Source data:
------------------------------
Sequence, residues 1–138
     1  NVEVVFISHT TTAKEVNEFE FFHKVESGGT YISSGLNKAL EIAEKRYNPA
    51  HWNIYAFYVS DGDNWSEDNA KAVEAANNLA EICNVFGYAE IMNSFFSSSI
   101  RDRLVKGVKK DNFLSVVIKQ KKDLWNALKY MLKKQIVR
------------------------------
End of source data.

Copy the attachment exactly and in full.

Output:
Sequence, residues 1–138
     1  NVEVVFISHT TTAKEVNEFE FFHKVESGGT YISSGLNKAL EIAEKRYNPA
    51  HWNIYAFYVS DGDNWSEDNA KAVEAANNLA EICNVFGYAE IMNSFFSSSI
   101  RDRLVKGVKK DNFLSVVIKQ KKDLWNALKY MLKKQIVR